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  1. #21

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    Quote Originally Posted by markbarendt View Post
    What's the blank area above the trees?
    Assuming you don't mean the steam/mist there is a marginally lighter area top right that I think is a cliff face/slope, but it is still possible to see detail in it as something to do with the Earth.

    Steve
    http://www.flickr.com/photos/steve_barnett/

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    wood, water, rock,
    landscape photographs in and around the Peak District National Park, UK.

  2. #22

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    Here we are

    Click image for larger version. 

Name:	8168360891_5e2cb19dd4v11.jpg 
Views:	86 
Size:	101.2 KB 
ID:	61841

    we can see they are all trees now. Click for larger view.

    Steve
    Attached Thumbnails Attached Thumbnails 8168360891_5e2cb19dd4v11.jpg  
    http://www.flickr.com/photos/steve_barnett/

    book
    wood, water, rock,
    landscape photographs in and around the Peak District National Park, UK.

  3. #23

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    "Fine Art" style of exposure

    Quote Originally Posted by 250swb View Post
    Here we are

    Click image for larger version. 

Name:	8168360891_5e2cb19dd4v11.jpg 
Views:	86 
Size:	101.2 KB 
ID:	61841

    we can see they are all trees now. Click for larger view.

    Steve
    Wow I like that better actually, did you find the photo and digitally alter it or find a different version?


    ~Stone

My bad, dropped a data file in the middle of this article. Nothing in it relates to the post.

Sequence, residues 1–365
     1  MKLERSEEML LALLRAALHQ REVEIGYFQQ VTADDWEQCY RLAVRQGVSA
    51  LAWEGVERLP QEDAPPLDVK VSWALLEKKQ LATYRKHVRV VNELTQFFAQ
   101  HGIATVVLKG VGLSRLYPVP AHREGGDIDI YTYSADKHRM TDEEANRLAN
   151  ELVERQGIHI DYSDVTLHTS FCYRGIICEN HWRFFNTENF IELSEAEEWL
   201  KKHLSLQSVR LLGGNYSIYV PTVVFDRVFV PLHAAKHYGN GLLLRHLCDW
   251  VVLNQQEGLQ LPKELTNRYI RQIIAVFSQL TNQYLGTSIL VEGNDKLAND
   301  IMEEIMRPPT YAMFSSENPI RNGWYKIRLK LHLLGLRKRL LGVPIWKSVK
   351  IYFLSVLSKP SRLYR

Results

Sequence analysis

Mamiya: 7 II, RZ67 Pro II / Canon: 1V, AE-1, 5DmkII / Kodak: No 1 Pocket Autographic, No 1A Pocket Autographic | Sent w/ iPhone using Tapatalk

  4. #24
    ic-racer's Avatar
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    If the OP is interested in learning more about the creation of dramatic B&W images like that presented, he might want to check out John Sexton's Listen to the Trees. I believe that is the book with the useful technical information on John's technique. Oh, yes, look at the pictures in the book also!

  5. #25
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    Quote Originally Posted by 250swb View Post
    Assuming you don't mean the steam/mist there is a marginally lighter area top right that I think is a cliff face/slope, but it is still possible to see detail in it as something to do with the Earth.

    Steve
    Fair enough. In the original on my screen it was dark enough that I didn't see any detail there.
    Mark Barendt, Ignacio, CO

    "We do not see things the way they are. We see things the way we are." Anaïs Nin

  6. #26

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    Practice helps. You need to be able to read the light to tell when such a shot is possible. Notice that the example is pretty much back lit, which is common for such dramatic contrast. If you have important foreground detail, you will usually need carefully controlled fill light. Learning to use your light meter in back lit conditions is also essential. Learning the Zone system, how to previsualize the print, how to assign exposure zones to the subject, and how to develop for a usable result (adjusting for the exposure) are also handy. Since such exposures often require development adjustment away from what is the average on a roll, sheet film can be handy. It all comes in time, and with more than a little luck. Your luck is more or less proportional to the number of days you get out and do some serious shooting.